Nesting penguins put a halt to Urenui seawall construction

Where the wall stops at Urenui beach the erosion begins.
CHARLOTTE CURD/Fairfax NZ

Where the wall stops at Urenui beach the erosion begins.

Penguin conservation is getting in the way of bach protection at a popular summer holiday spot. 

Urenui Beach is visibly eroding and last month the New Plymouth District Council (NPDC) forked out $100,000 to complete the half-finished seawall built to slow the erosion process.

However, penguins have begun nesting underneath baches near where construction was due to begin last week, forcing a halt to the work on the remaining 140 metres until the council can reach a solution with the Department of Conservation.

300 metres of the wall was completed in 2001 but for 15 years it was left unfinished.
Bradley Ambrose

300 metres of the wall was completed in 2001 but for 15 years it was left unfinished.

Urenui resident Murray Wells has been fighting to have the seawall finished for years and said it needed to be done by Christmas before holiday-makers flocked to the small town. 

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"They're not actually anywhere near where the construction will happen, but I guess you can't be too careful," he said. 

Urenui beach is just one section of Taranaki's coastline that is slowly being eroded.
CHARLOTTE CURD/FAIRFAX

Urenui beach is just one section of Taranaki's coastline that is slowly being eroded.

"They prefer to hop up the rocks of the already built portion of the seawall."

Wells said the penguins were a staple of Urenui and came every year to nest under the baches nearest the beach, but construction could not continue while they were nearby.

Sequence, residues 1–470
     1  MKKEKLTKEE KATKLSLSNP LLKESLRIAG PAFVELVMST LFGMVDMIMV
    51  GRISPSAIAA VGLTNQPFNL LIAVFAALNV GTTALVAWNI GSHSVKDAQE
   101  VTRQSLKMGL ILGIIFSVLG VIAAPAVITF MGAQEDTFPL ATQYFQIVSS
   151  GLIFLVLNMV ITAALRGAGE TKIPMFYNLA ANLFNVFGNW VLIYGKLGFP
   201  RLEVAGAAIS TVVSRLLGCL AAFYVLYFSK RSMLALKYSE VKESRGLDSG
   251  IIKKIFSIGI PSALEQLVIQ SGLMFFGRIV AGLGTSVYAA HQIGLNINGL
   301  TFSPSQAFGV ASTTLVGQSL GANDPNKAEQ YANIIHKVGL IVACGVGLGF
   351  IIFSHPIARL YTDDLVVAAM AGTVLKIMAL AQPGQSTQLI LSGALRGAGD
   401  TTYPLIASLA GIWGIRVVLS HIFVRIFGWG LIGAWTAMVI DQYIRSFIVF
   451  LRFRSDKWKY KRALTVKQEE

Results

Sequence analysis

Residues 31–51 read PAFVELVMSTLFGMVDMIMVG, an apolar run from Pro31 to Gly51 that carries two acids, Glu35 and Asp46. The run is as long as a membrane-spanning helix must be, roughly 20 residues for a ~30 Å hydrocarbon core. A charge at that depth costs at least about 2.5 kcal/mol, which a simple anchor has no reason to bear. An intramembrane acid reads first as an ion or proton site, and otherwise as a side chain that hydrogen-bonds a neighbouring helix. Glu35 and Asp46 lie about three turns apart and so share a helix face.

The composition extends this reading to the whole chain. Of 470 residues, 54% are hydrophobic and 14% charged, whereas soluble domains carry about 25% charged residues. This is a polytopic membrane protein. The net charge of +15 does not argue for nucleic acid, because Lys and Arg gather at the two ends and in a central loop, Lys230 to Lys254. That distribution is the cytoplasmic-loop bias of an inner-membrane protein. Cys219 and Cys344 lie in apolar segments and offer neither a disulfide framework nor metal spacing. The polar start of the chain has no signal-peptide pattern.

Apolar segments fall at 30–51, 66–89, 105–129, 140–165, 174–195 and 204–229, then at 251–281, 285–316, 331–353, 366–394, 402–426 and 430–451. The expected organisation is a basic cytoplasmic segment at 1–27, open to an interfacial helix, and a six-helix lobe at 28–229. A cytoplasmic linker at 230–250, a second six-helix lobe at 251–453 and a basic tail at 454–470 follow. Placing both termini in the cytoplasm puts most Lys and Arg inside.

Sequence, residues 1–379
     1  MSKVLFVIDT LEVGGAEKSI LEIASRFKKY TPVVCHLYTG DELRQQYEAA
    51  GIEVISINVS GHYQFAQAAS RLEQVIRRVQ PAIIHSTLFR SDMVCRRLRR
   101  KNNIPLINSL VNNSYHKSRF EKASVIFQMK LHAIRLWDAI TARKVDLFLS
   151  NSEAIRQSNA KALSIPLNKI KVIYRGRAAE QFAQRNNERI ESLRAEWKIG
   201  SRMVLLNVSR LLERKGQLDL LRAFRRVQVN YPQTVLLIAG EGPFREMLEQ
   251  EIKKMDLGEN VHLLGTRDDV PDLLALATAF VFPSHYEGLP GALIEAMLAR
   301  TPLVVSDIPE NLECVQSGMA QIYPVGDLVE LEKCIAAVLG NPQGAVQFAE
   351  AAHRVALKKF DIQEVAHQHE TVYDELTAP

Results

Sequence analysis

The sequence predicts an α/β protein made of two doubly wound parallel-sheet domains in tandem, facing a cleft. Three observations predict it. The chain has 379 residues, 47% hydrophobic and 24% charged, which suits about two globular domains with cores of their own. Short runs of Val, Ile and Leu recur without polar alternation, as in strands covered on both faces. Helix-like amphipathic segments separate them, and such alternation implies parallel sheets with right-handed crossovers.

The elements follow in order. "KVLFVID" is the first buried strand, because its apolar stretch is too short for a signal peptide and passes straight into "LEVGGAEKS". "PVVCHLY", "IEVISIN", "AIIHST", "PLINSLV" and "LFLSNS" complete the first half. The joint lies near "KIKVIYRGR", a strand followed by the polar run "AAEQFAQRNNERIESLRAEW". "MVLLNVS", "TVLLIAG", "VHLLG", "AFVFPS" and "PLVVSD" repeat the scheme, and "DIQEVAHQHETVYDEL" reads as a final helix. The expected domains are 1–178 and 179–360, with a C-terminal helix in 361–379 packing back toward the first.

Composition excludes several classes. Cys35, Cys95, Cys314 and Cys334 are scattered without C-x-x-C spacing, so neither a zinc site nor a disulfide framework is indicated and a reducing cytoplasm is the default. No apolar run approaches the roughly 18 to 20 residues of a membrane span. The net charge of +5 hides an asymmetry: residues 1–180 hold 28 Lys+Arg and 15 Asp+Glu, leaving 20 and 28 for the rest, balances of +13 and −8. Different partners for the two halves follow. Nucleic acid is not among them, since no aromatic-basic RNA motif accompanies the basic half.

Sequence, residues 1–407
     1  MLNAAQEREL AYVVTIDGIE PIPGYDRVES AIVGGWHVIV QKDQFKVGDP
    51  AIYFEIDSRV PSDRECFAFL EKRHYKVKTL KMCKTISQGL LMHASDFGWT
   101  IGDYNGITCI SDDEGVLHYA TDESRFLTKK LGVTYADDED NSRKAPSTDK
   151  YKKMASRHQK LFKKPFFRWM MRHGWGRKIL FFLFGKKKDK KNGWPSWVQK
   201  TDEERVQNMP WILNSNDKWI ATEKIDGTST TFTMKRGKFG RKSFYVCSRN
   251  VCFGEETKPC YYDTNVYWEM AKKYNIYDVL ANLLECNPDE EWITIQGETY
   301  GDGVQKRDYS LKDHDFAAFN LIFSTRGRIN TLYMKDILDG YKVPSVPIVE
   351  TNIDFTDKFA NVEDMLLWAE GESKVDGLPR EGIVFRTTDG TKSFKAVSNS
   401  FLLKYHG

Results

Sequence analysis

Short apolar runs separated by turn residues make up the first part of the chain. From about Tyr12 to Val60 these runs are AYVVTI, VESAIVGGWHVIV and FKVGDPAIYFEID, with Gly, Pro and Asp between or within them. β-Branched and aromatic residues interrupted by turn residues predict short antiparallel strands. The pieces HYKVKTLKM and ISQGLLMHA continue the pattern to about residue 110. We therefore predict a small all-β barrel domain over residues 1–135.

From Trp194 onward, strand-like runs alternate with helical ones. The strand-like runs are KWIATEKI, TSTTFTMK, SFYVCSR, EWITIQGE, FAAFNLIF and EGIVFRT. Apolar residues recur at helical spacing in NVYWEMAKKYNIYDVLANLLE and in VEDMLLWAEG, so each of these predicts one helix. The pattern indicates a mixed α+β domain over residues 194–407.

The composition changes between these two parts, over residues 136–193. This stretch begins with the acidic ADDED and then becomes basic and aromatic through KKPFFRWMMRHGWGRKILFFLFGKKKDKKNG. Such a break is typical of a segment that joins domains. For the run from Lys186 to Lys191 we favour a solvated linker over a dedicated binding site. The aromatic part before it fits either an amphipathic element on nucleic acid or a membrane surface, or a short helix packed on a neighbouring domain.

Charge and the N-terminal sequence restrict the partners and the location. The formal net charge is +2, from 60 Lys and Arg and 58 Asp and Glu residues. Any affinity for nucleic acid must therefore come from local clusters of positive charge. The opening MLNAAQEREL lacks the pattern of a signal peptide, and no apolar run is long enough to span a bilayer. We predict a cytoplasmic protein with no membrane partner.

NPDC infrastructure manager David Langford said a meeting with DOC was set up next week to discuss whether working around the penguins was an option. 

Nesting season for blue penguins typically ends in February.
Fairfax NZ

Nesting season for blue penguins typically ends in February.

"If we can't work around them then construction could be delayed until February when the nesting season ends," he said. 

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"We have a responsibility to protect the penguins so if we're going to disturb them we can't work."

Langford said work on the seawall was due to begin a week ago but the council was told about the penguins by the Ngamotu Marine Reserve Society. 

"We had a meeting with the society and it was brought to our attention that they had seen signs of penguins," he said. 

"We would have started working already if the penguins hadn't been found."

Ngamotu Marine Reserve Society chair Anne Scott said the society kept data on wild life all around Taranaki's coast. 

"The council sometimes contacts us when there's work to be done on the coast," she said. 

"In this case they have got in touch and asked whether we knew about any penguin activity."

Scott said she was sure the council and the penguins could reach a harmonious solution.

"When they are nesting they are very vulnerable and there are chicks in those nests already," she said. 

The Taranaki Regional Council issued consent to the NPDC for construction of the wall and part of the consent was to not impact on penguin breeding areas. 

Council director of resource management Fred McLay said in the event penguins were found in the immediate vicinity of any construction then work would have to cease immediately.

"NPDC has notified the council that penguins have been found in the area and that work has ceased," he said 

"When NPDC has advised the council of their mitigation plans work can commence."

 - Stuff

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